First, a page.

Think tanks have been incredibly popular in China, which in turn gives rise to think tank study and a ranking system.
However, this is a sector far from being rational and well regulated, as some commercial organizations also leap in pretending to be scholastic institutes. This frenetic development lacks certain criteria to rule out the unqualified and this needs to be sorted out before the intellectual industry becomes a total mess.
What should a think tank be?
A think tank should be a relatively independent policy research or consultative institute providing original and creative ideas to meet the needs of the country, government and society, and certainly not driven by a profit motive.
Not all research institutes in specific fields can be called think tanks. Generally speaking, think tanks here and abroad refer mostly to those whose research focuses on State strategies, diplomatic policies and international relations.
According to the Opinions on Intensifying the Building of New Type Think Tanks with Chinese Characteristics issued by the central authorities at the end of January, these should be "nonprofit research institutions and consultancies working mainly on strategic issues and public policies to aid the decisions to be made scientifically, democratically and in conformity with laws by the CPC and the government."
Therefore, those institutes which call themselves think tanks but focus on making profits should be considered unqualified.
Relations between think tanks and government
Independence is indispensable to the credibility, impartiality and commonality of a think tank. Without this, the organization is more likely to become a mouthpiece of interest groups.
But this independent stance should not insulate think tanks from the government, which is the major consumer of their intellectual products; deliberately keeping a distance could lead to weakened influence of the think tanks.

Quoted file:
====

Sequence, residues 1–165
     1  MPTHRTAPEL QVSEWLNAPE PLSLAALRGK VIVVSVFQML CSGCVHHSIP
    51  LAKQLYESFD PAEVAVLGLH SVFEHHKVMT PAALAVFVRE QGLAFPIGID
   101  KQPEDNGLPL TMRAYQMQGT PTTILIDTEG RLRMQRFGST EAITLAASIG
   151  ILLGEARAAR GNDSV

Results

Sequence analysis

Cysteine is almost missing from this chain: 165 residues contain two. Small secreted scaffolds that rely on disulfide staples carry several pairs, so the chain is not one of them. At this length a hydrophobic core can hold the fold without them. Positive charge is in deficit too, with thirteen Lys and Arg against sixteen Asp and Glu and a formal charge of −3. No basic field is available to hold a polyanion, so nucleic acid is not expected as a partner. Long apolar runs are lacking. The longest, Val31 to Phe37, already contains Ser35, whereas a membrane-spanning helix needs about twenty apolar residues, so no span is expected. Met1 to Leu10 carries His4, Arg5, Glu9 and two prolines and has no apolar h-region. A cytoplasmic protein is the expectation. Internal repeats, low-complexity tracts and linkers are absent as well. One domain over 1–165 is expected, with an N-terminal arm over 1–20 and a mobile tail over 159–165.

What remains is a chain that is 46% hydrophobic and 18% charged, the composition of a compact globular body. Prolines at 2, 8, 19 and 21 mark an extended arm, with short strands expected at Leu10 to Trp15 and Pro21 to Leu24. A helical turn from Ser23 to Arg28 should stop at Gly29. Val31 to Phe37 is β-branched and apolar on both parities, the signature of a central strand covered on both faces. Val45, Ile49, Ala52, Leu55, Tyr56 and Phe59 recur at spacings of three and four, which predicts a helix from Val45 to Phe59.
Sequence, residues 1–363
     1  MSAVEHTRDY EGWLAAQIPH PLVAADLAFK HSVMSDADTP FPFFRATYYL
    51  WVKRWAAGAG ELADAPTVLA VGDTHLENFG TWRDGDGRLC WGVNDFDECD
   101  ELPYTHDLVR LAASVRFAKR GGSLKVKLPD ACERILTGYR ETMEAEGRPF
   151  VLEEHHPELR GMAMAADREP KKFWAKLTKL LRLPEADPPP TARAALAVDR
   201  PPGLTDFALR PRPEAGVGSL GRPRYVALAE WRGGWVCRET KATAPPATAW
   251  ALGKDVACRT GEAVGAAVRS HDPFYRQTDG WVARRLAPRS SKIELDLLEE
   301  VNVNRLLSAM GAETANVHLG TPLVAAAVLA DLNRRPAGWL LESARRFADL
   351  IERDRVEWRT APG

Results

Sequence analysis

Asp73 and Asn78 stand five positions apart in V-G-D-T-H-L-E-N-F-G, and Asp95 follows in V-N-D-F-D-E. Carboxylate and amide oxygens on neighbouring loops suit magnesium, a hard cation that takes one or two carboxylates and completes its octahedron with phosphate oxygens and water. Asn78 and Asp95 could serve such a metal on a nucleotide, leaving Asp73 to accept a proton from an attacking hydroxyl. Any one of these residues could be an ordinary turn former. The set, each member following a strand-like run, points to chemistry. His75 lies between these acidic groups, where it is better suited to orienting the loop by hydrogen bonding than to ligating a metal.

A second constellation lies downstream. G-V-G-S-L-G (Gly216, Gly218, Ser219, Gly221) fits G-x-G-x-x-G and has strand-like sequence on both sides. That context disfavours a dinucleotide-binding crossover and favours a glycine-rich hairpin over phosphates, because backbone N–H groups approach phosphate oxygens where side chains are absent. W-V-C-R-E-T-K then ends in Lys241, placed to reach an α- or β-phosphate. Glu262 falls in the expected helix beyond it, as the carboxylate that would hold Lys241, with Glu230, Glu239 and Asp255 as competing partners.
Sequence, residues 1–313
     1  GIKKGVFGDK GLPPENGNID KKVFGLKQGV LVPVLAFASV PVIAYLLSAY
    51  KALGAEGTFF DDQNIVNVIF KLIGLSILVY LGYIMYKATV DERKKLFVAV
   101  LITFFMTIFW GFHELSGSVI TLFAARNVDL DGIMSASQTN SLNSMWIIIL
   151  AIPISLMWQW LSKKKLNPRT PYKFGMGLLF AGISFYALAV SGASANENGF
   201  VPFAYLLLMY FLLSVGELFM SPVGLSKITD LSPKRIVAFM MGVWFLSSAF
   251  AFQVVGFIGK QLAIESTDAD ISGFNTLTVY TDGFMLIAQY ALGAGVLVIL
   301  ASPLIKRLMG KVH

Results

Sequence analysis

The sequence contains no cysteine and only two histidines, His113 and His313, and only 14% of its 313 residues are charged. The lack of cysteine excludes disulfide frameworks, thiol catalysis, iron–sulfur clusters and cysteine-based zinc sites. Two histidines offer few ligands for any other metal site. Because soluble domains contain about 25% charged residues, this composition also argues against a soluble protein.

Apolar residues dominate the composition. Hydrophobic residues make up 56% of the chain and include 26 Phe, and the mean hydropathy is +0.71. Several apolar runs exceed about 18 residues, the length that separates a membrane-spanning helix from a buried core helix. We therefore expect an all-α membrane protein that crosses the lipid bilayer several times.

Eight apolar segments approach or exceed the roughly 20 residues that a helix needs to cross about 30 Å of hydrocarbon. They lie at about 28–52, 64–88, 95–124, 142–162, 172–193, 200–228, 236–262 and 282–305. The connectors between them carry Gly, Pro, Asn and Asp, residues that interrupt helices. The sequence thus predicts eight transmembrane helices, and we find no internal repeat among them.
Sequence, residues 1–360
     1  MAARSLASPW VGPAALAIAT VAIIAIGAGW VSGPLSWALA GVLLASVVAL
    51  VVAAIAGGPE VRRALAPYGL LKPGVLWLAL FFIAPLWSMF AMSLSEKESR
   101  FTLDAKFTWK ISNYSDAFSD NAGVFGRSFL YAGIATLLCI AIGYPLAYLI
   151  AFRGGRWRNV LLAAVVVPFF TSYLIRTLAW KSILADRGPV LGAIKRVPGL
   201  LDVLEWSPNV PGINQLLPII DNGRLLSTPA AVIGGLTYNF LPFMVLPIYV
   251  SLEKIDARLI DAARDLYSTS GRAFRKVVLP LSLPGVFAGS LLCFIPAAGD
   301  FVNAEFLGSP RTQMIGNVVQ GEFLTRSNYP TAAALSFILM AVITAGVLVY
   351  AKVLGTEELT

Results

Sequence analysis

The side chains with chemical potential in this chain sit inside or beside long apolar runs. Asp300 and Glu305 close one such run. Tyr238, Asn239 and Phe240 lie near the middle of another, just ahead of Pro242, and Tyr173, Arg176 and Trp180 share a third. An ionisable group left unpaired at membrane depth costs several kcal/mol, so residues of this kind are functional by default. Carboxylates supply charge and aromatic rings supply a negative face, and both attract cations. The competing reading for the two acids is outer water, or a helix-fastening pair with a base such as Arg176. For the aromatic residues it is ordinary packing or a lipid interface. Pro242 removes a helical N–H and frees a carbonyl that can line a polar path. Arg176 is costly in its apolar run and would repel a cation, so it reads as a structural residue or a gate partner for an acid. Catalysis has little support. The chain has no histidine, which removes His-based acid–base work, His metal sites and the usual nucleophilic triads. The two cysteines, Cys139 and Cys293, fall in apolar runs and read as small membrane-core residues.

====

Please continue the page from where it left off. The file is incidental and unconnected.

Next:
American think tanks, for example - often held up as models of freedom, independence and discretion, the very qualities that seem to enable them to keep a distance from the government - actually have close and complicated relations with every administration.
Think tanks cannot survive without administrative resources and information; meanwhile, the government needs to use the influence of intellectuals as opinion leaders to facilitate easy passage of an intended decision and ensuing implementation. However, in spite of their tangled symbiotic relations with the government, the independence of U.S. think tanks cannot be totally denied.
Relations between think tanks and market
Nonprofit think tanks should be prevented from the pursuit of commercial interests, which may cause their deviation from principal values. However, their intellectual products need to be tested by the market for their value to public policies so as to sort out the weak from the strong.
However, it is very difficult, especially in this era of globalization when the booming info-communication constantly creates new situations, for think tanks to stay abreast of developments.
To become competitive, think tanks are required to focus on farsighted research and provide good intellectual products that meet both domestic and overseas policy demands. Only by doing so can their value be maximized.
Relations between think tanks and academic
Think tanks are fundamentally different from academic institutes in regard to their positions and research. Although think tanks are genetically related to ivory towers, their focus is policy research rather than pure academic study. They should ensure timeliness and acuity in their thinking to serve policy making, and yet abide by the academic paradigms to distinguish their work from opinions or unsophisticated policy analysis.
Academics attach importance to the methodology of deductions, while, policy research mainly focuses on empirical comparison. Despite their differences, however, both need theoretical support, without which policy research would be less persuasive and narrow in scope. Therefore, a think tank is responsible for searching for solutions to real problems while strictly following academic paradigms.
All in all, think tanks evolve in coordination with the government, market and the public. Their sustainable development requires not only enthusiasm but also professionalism and rationality to avoid creating another "Great-Leap-Forward" in the intellectual market.
The writer is deputy director of the Foreign Affairs Committee of the Chinese People's Political Consultative Conference (CPPCC) and chairman of the Charhar Institute.